LINCOLN — Partial credit for Nebraska sophomore Terran Petteway's rise to No. 6 in Big Ten scoring goes to a La Quinta Inn in Galveston, Texas.
While growing up across the street from there, Petteway would shoot baskets on his outdoor hoop morning, noon and night “until my mom made me come in.” But there was an issue at night.
“I could hardly see the goal,” he said. “The only light I had was from the hotel sign.”
Shooting hoops in the dark can be problematic.
“Yeah,” Petteway said, chuckling, “but it makes the hoop look really big when the lights are on.”
Even in the bright lights of the Big Ten, the 6-foot-6 transfer from Texas Tech is still making the hoop look big.
Entering Thursday's home game against Michigan, he's averaging 17.3 points while shooting 43.1 percent from the field and 86.7 percent from the foul line. His free-throw rate is third in the Big Ten.
“Terran has a bright future,” Husker coach Tim Miles said. “I think he's going to make a big splash in the Big Ten.”
Opposing coaches getting their first look at the sinewy slasher are impressed.
“Tell me there's a better player in our league than Petteway,” Iowa's Fran McCaffery said. “That guy's a handful. He's terrific.”
Ohio State coach Thad Matta is on board, saying: “He can score. He's freakish athletic. To me, he looks like he's still feeling his way. But he's a guy who can go get points whenever he needs to.”
Petteway is 1.4 points behind Big Ten scoring leader Rayvonte Rice of Illinois. Six games with at least 20 points tie Petteway for the league lead. He scored a career-high 30 against now-No. 19 Massachusetts.
More importantly for Nebraska basketball, Petteway offers consistent scoring.
That's worthy of a hallelujah in a program that for the past 13 years has struggled with the simple act of putting the ball into the basket.
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If Petteway maintains his scoring pace, he'll have the second-highest NU season average since 2000, behind only first-team All-Big 12 center Aleks Maric's 18.5 points in 2006-07.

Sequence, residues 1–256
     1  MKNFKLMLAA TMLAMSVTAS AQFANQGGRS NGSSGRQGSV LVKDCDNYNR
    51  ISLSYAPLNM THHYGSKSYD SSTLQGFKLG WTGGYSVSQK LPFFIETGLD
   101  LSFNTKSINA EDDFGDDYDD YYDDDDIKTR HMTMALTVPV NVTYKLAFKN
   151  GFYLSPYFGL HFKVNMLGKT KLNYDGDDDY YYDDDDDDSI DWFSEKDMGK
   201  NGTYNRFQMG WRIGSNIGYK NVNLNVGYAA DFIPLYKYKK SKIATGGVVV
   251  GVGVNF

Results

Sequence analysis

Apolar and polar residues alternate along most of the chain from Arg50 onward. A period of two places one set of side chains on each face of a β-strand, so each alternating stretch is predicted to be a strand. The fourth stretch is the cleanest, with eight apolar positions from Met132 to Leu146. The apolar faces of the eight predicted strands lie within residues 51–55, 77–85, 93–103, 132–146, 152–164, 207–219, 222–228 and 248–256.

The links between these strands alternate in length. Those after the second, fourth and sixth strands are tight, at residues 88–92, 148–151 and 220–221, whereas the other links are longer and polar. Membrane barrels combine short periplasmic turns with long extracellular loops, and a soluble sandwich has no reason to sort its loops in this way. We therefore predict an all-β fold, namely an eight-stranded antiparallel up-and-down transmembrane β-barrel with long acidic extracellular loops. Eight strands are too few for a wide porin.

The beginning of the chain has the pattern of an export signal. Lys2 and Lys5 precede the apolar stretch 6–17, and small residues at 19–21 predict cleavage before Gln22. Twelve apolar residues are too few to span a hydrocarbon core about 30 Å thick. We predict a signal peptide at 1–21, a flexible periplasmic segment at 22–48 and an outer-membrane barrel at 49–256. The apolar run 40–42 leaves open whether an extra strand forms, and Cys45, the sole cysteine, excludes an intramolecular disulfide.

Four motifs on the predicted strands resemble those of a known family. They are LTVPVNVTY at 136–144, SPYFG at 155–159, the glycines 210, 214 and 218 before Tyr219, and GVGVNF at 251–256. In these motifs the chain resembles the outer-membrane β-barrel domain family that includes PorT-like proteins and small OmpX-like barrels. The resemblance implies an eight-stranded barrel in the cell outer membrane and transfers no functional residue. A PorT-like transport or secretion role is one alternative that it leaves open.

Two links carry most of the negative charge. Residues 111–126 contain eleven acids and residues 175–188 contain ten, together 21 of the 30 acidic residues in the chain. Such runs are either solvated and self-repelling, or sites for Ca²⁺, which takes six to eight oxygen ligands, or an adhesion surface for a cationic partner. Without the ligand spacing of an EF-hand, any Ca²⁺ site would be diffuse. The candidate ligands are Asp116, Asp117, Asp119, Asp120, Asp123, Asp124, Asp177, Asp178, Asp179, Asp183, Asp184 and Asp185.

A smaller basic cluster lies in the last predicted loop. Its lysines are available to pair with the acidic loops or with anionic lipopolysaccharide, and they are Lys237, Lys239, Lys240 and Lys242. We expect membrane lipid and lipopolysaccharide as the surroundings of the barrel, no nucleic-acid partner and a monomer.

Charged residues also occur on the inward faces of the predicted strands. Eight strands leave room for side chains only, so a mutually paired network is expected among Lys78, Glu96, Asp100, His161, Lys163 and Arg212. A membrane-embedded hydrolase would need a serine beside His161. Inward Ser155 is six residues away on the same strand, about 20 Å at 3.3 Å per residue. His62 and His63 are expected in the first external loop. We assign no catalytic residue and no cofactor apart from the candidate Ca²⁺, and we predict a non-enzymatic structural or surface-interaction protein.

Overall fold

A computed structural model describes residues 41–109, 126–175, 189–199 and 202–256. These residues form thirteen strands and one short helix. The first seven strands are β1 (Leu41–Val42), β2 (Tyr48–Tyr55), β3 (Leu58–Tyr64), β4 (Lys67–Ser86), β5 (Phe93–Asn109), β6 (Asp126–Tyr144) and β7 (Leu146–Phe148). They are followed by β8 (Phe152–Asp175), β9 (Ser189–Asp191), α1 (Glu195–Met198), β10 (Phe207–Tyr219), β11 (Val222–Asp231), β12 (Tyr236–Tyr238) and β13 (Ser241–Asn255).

In sophomore-year scoring, the only Huskers who have posted higher totals than Petteway's current count were Dave Hoppen (19.9), Tyronn Lue (18.8) and Jerry Fort (18.0).
That's fast company.
Hoppen, Nebraska's all-time leading scorer, played six NBA seasons. Lue, now an assistant with the Los Angeles Clippers, is NU's No. 8 all-time scorer who left a year early to start an 11-year NBA career. Fort is the school's No. 3 all-time scorer and was a third-round pick of the Boston Celtics before a broken leg derailed his pro career.
Scoring has been part of Petteway's game from the time he picked up a ball.
“You can ask my dad and my brother,” he said. “If I wasn't scoring, I was probably mad. I finally got over that, but it took awhile.”
Petteway regularly averaged between 20 and 30 points a game in high school and in AAU play. He signed with Texas Tech and coach Pat Knight, who had adopted a more wide-open offensive style than his Hall of Fame father.
But before Petteway took the court as a freshman, Knight was fired, Billy Gillispie was hired and offensive play at Texas Tech had taken a backseat to everything.
“When I was at Tech,” Petteway said, “they basically told me to run to the corner on offense and not do much of anything. Even when the ball came to me, I wasn't supposed to shoot.”
After averaging 3.3 points a game and enduring Gillispie's maniacal workouts, Petteway looked to escape. That led him to Nebraska and Miles, who had once offered him a scholarship at Colorado State.
it took almost two weeks of practice at Nebraska for the coaches to break him of running to the corner on offense.
Now, Petteway knows what to do and what everyone else should do.
“Terran is probably our most knowledgeable guy on the squad,” Miles said. “When we do a game plan or scouting report, he can recite it script, chapter and verse. He has worked hard to make himself a student of the game.”
Some players fritter away a transfer season by going through the motions. Not Petteway, who took two major steps last season to get ready for this year.
One was exerting himself in the weight room.
“The weight work really helped my game more than people would think,” he said. “I'm stronger to the basket. I can play through contact. Just to know you have that strength really helps your confidence.”
The second was to clean up the mechanics on his jump shot.
“When I first got here, I used to kick my leg out on every shot,” Petteway said.
Front, back or sideways?
“Front, back, sideways and any other way you could do it,” he said. “Now, it's much more up and down. It has really helped.”
Despite Petteway's production, Nebraska (8-6, 0-2) has posted season scoring lows in each of the past three games: 59 vs. Cincinnati, 57 vs. Iowa and 53 vs. Ohio State. The Huskers are second-to-last in the Big Ten in scoring at 69.7.
Petteway, without bragging, said he could see himself averaging 20 points a game, but added, “That's not the goal. I'd rather average 10 and get more wins so we can make it to the postseason.”
Appropriately, this post-practice interview occurred after Petteway stayed into the evening to work on free throws. The good news was the lights were left on.